“We thought of it as a glorified home movie,” says Moser. “We wanted to create this [film] for the players themselves, something that they can hold on to for years to come and be able to look back and remember the experience and the community.”
But the first-time filmmakers put their full creative energies into the project, conducting more than 30 interviews with current and former players, shooting footage of the weekend games, and recreating some classic stories from games past. The resulting film, High and Outside: The Story of Hosford, is more than your typical YouTube video shared among friends. It also explores deeper themes of the nature of community, the value of leisure time and the role of sports in our busy lives.
The film chronicles a long-running pickup softball game that has been going on most Sunday afternoons for the past 15 years in a dilapidated schoolyard at Hosford Middle School in Southeast Portland.
The first game was hosted by Portlander Erin Stellmon, who had gone to Hosford and invited a few of her friends to play a softball game for her birthday. The game quickly became a regular event, attracting more players and eventually expanding from summer weekends to nearly year round.
As many as 50-60 people can show up for a typical afternoon of games, which start at noon and often run until dark. Players count off to choose teams, and there are frequent field and batting position swaps as players come and go throughout the day.
Although the players are as passionate as any league team, Kozik and Moser say that what happens at Hosford is not your typical pickup game. The field is far from an ideal place for softball (much of right field is dominated by asphalt and the side of the school building, for example); players are as likely to show up in flip-flops as cleats; and newbies must eventually learn a collection of special rules that have been developed over the years.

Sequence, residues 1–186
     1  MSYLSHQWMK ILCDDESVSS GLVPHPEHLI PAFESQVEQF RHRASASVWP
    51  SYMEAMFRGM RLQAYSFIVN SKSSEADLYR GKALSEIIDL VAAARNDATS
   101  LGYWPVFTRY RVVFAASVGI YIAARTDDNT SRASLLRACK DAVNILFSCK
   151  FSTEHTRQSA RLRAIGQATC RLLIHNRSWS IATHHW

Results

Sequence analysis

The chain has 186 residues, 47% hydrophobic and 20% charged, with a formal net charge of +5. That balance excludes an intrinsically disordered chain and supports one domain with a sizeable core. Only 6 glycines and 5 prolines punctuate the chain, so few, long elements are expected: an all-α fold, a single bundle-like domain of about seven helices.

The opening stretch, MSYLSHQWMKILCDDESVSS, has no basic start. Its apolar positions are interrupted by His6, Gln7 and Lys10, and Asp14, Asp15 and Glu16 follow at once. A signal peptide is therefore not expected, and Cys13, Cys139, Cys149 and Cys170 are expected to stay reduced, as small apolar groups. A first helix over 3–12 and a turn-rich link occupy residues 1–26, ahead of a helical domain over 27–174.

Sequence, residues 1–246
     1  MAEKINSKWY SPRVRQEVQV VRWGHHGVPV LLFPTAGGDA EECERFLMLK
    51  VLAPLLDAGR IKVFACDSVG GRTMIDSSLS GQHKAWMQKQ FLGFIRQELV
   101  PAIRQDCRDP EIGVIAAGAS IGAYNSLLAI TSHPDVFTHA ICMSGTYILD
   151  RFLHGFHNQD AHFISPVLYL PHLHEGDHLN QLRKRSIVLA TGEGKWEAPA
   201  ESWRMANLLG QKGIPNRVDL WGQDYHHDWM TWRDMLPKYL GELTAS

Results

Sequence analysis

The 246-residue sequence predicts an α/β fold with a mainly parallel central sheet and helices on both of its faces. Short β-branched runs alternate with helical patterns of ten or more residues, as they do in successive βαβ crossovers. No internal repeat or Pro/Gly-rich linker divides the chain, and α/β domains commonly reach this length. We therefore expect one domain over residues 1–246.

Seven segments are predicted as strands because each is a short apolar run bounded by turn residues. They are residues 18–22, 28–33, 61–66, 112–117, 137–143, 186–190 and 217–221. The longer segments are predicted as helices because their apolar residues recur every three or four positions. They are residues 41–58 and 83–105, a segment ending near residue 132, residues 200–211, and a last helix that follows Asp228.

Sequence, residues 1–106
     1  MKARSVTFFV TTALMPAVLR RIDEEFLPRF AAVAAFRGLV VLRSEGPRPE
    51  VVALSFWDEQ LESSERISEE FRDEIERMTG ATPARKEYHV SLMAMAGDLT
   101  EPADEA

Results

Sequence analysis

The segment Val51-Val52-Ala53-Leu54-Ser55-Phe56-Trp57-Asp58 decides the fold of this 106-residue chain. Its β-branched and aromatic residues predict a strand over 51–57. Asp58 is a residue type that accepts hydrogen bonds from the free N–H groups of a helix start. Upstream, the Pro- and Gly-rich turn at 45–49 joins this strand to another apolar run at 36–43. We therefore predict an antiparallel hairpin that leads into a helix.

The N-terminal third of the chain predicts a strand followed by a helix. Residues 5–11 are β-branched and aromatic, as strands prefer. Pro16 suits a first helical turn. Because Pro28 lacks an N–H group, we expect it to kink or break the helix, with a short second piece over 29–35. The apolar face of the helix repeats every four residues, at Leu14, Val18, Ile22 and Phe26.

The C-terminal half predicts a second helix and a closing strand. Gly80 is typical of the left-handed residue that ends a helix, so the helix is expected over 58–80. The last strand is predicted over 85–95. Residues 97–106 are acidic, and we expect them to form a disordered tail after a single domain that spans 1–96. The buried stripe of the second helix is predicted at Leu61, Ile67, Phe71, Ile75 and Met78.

“There’s no outfield fence on the field so you can’t hit a traditional home run,” explains Kozik, giving one example. “But if you hit a ball into the fenced area surrounding the school’s air conditioning unit, that counts as a home run.”
For Kozik and Moser, the real story of Hosford is about the tight-knit community and laid-back focus on humor and fun that has grown up around the game over the years.
Kozik and Moser are eager to show the finished film, but at this point they don’t have plans to take it on the festival circuit or publish it online. They say that would get away from the spirit of the project. Instead, the culmination will be a one-night showing at the Hollywood Theatre on Sunday (after the game) for their fellow players and anyone else who wants to check out this quirky corner of Portland’s sports scene.
Arts & Life caught up with the filmmakers to ask them a few questions about their passion for softball and making this film.
Arts & Life: There’s a long tradition of pickup games in lots of different sports. What makes the Hosford softball game unique?
Stephen Kozik: I think the pickup game at Hosford is unique in that it’s been going on almost non-stop for 15 years, with a core group of players that show up nearly every weekend of the year. It also has a particular spirit that I don’t think you find in organized sports or even other pickup games. At Hosford, the softball is almost secondary to what happens there. It’s more about the camaraderie and community that comes together in a bunch of people that maybe aren’t athletically minded people. They come to the game because it’s fun and because of the people they meet there. They get these tight-knit bonds and it becomes like a family to you.